One of the few Singaporean signatories, Linda Lim, an economics emerita professor at the University of Michigan’s Ross School of Business in the United States, told University World News that Thum’s grilling would have a chilling effect on academics. It “discourages academics from challenging established orthodoxies, which is their role, and from exercising their responsibility as members of civil society to comment on issues of public policy interest,” she said.

Past run-ins

Thum has had past run-ins with the Singapore government, while he was at the National University of Singapore, over his research into Operation Coldstore – the imprisoning without trial in 1963 of over 100 people deemed to be part of a communist conspiracy to overthrow the government.

Thum had said in his original written submission to the committee that Singapore was not lacking in laws to address online falsehoods, arguing the country already had “a surfeit of laws” which “suppress free speech”.

He noted in his submission to the committee that fake news had not had a big impact in Singapore with the exception of Operation ColdStore, when politicians told Singaporeans that “people were being detained without trial on national security grounds due to involvement with radical communist conspiracies to subvert the state”, adding that “declassified documents have proven this to be a lie”.

Thum’s past research had been based on declassified British colonial archives. “My work points out all the background manoeuvring and politics as Operation Coldstore fundamentally was a political operation, not a security one,” Thum explains.

It had already had repercussions on his academic career in Singapore. “After I published and gave lectures about it in late 2013 and early 2014 I was told by someone senior at NUS [National University of Singapore] that I would no longer be able to work in Singapore. A directive had arrived from higher up, that once my contract expired then there would be no new contract, there would be no alteration, extension or renewal of my contract. So I’d better make alternative plans.”

“This person wasn’t supposed to tell me but they stuck their neck out, for which I’m forever grateful because then I was able to make plans to come back to Oxford, knowing what was going to happen."

Nonetheless, what transpired at the hearing was unexpected, he says. “I do feel a little naïve now because I really did go there in good faith,” he says.

“My expectation was that this was a political exercise to legitimise a law that they [the government] had already decided upon. But to me, the fact that they were willing to spend time in a public consultation exercise, even if it was a fake one, that was a step forward.”

“They hadn’t had a public consultation on a select committee in, I think, a decade,” he pointed out.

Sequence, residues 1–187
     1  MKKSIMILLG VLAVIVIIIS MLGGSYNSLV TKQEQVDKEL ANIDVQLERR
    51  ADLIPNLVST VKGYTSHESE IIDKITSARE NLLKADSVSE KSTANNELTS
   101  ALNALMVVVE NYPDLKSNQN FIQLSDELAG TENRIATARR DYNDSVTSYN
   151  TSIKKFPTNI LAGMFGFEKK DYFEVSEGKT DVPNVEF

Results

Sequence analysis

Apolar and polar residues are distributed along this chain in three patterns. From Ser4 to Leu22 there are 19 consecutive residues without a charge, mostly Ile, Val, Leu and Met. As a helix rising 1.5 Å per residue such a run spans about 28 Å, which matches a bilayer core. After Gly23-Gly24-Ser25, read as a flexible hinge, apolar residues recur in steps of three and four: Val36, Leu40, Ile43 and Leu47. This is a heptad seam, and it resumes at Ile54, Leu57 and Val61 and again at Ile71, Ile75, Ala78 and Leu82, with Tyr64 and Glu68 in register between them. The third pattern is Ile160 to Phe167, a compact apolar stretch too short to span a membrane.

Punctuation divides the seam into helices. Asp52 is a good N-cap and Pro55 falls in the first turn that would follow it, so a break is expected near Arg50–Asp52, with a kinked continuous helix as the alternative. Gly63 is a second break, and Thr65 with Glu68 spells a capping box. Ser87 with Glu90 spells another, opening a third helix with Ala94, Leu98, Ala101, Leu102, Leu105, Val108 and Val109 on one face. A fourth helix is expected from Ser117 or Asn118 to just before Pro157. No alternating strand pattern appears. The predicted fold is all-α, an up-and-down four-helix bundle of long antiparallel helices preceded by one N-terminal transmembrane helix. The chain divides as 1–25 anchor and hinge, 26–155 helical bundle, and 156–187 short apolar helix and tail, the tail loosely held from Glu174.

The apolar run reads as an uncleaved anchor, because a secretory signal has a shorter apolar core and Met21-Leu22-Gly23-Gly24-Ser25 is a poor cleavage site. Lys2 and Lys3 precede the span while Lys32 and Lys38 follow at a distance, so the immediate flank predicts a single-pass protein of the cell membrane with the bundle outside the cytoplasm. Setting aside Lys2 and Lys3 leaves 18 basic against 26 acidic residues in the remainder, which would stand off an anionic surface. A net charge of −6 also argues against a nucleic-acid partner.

The issue escalated further when Chong, in a statement issued through parliament earlier this month, referred to the open letter in support of Thum, which had featured in the Singaporean media and suggested “there has been a coordinated attempt, with foreign actors involved, to try to influence and subvert our parliamentary processes. This is a serious matter.”

“The implication that research cannot be questioned runs counter to the basic principles of free speech and academic scholarship,” Chong added.

Chong also said in a statement copied to the University of Oxford’s vice-chancellor: “It is presumptuous of you to tell Singapore parliamentarians how to do our jobs”, and noted that the committee hearing had been “open and transparent”.

Jones says: “We are not attacking the right of the Singaporean government to hold parliamentary enquiries. We are saying if academics are to participate in parliamentary enquiries, they have to be treated properly, not subjected to a hatchet job on their work and their professional integrity.

“To say that if someone from outside is criticising the Singaporean government then it must be part of an international conspiracy is ridiculous and they know it’s ridiculous. Academics are concerned about academic freedom,” says Jones.

“Certainly, one could have a public enquiry about a major historical event and take testimony from various experts, so the idea that we were claiming the academic should be free from public scrutiny, that’s not the case,” Lee said.

Lim notes: “Diverse views are to be encouraged, expected and respected, not discouraged as the truly extraordinary six-hour public interrogation of Dr Thum will do.” In future, few individuals, academics or others, “will voluntarily subject themselves to the risk of such hostile persecution by the powerful, by sharing views which may not conform to official narratives,” she says, noting that parliamentary hearings “are a rare event” in Singapore.

The Thum case was interesting, she says. “It highlights how sensitive history is” to the ruling party in Singapore, adding the case would particularly have an impact on Singaporean historians.

In a follow-up submission in early May to the parliamentary committee, Thum provided detailed responses to the questions raised by the committee specific to his historical research.